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Old 12-14-2014, 12:16 PM   #1
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Please Help - 2004 F150 Crewcab Tow Vehicle

We are close to making a decision on one (1) of two (2) used Airstream trailers. One is a used 2010 27 Flying Cloud (dry weight of 5,746) and the other is a used 2009 Airstream Flying Cloud 28 (dry weight of 5,700).

My 2004 Ford F150 5.4L crewcab came with a tow package to include a transmission cooler and frame mounted trailer hitch. The max. GCWR for the truck is 14,000 lbs and according to the manual, it can tow a max. trailer weight of 8,500 lbs. The dry weight of the truck is 5,305 lbs, and loaded with passengers and supplies will probably weight 6500 lbs. According to Ford information, a WDC hitch will increase the tongue weight to 990 lbs.

Are we going to be able to safety pull these trailers especially if we travel on the light side of loading the trailer? We are grateful for any guidance.
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Old 12-14-2014, 04:18 PM   #2
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Lot's of people tow 27 & 28 foot Airstreams with 1/2 ton pickup trucks so on the surface either trailer choice seems fine with your existing tow vehicle.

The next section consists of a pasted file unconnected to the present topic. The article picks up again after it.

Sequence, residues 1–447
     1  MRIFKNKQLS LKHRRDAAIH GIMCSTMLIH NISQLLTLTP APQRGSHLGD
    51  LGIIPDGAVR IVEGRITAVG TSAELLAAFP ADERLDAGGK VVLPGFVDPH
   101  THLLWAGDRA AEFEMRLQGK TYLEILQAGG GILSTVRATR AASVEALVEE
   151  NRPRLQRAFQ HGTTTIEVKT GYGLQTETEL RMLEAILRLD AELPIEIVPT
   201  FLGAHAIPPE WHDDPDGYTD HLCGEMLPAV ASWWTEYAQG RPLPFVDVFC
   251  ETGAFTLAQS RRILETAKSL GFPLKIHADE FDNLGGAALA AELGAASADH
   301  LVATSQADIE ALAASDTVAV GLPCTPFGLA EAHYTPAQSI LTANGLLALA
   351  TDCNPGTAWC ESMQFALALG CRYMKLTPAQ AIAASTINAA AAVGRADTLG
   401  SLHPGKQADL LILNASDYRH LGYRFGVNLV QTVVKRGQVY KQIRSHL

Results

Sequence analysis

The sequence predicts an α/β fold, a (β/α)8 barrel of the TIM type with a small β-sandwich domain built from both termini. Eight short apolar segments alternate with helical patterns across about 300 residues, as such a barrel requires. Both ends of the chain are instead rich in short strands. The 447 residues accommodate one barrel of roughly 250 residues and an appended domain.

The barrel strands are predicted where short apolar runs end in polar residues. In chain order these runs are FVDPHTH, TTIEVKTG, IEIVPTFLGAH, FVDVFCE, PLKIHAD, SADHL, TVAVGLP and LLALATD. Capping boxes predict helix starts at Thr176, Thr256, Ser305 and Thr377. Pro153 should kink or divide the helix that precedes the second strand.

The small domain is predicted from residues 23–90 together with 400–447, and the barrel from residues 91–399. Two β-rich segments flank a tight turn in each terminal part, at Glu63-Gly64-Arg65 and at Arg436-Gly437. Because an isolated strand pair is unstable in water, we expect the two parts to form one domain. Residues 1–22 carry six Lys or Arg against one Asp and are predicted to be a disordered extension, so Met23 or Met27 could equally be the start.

It occurs to me that 1,200 lbs is a lot of payload to put in the truck (not including the hitch weight as you have implied in your post.) What are you going to carry to reach this figure? Most 1/2 ton Ford pickups have a total cargo capacity of around 1,700 to 2,000 lbs., some have a bit more and some a lot less depending on the configuration. You will want to watch this figure as your total cargo weight (including hitch weight) as projected might be in the 2,200 to 2,300 lbs range. If you really are traveling that heavy, you might try the 1/2 ton for awhile and, if that is not comfortable, switch to a 3/4 ton later. So long as you don't go crazy at first with your 1/2 ton tow vehicle (e.g., go full time and continuously travel up and down the rocky mountains) you should have plenty of opportunity to "debug" and "tweak" the 1/2 ton setup to see if can work before you are faced with a decision to change your tow vehicle. You are highly unlikely to crash your rig and kill yourself on your first tow of either of these trailers because you are using a 1/2 pickup.